In this contemporary first-person novel about a California Latina, the author explores the pain of being different. When she was born, Madison was two-feet long and weighed in at 12 pounds. Her parents dressed her in toddler-sized clothes to bring her home from the hospital. In elementary school, she was mercilessly bullied because of her size, and the effects of those experiences stayed with her until her freshman year of college, when she connected with a competent therapist.
Madison tells herself she’s a beautiful princess because no else has ever said that to her. She’s part of a stable family, though her parents are undemonstrative. Using poems, short stories, reflections of therapy sessions, and her own candid telling of her story, she reveals how she overcame the insecurities that led her to self-destructive behavior. Her character confesses her attempts at cutting and her ongoing experience with bulimia, purging, and depression. She shares her fear of being alone, her fear of the dark. And then there is the boy, the special one she identified early in life as her prince. His name is Liam, and ostensibly he doesn’t know he occupies Madison’s every thought. With Liam, Madison learns about loss.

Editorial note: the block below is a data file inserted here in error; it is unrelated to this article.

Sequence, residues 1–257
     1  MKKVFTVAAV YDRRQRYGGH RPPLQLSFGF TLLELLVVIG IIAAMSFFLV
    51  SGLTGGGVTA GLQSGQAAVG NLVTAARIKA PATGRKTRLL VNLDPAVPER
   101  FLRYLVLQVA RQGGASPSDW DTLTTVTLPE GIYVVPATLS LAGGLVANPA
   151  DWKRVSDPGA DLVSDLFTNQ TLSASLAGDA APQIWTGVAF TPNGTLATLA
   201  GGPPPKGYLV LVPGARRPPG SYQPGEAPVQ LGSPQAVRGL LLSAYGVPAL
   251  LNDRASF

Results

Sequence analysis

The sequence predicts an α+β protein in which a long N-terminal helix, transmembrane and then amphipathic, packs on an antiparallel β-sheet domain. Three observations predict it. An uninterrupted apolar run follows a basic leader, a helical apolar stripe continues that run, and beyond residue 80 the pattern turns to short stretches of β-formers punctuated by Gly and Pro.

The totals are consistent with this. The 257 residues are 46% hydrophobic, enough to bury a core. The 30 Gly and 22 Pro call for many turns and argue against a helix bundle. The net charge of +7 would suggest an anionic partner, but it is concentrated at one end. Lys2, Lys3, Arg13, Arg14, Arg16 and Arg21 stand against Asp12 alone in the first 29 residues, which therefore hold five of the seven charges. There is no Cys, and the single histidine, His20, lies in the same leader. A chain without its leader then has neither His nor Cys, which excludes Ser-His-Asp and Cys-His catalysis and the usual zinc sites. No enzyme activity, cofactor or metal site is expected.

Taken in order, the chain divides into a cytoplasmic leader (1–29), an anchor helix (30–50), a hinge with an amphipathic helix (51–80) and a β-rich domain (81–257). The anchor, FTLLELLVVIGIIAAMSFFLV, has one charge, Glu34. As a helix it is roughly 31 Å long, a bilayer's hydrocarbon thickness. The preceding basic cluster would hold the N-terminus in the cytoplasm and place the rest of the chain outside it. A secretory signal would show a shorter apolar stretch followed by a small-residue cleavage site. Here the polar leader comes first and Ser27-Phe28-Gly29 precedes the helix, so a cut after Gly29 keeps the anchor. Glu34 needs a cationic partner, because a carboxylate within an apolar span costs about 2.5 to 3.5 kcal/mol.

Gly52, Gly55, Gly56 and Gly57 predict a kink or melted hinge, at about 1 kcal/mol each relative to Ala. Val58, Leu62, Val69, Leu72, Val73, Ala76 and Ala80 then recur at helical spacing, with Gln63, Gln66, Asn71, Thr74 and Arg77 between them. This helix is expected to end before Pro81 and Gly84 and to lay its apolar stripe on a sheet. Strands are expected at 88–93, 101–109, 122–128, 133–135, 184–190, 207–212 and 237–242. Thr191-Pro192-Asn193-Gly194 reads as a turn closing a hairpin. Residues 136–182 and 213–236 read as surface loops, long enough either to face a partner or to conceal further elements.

Madison, however, is also confident, determined, refreshingly honest, and rooted deeply in her Roman Catholic beliefs. The reader, therefore, experiences the highs and lows of a teen trying to find balance in a world that likes small better than large. Despite her insecurities, Madison knows she wants to be a wife and mother. She wants a college education. During high school, she resolves never to reject an opportunity, and it’s this kind of self-generated wisdom and grit that makes this girl truly special.
Madison is entirely likable and worthy of admiration. The book is well written; the voice authentic. Parents of teenage girls will find insight here, and troubled teens, big or not, will find a competent peer counselor.
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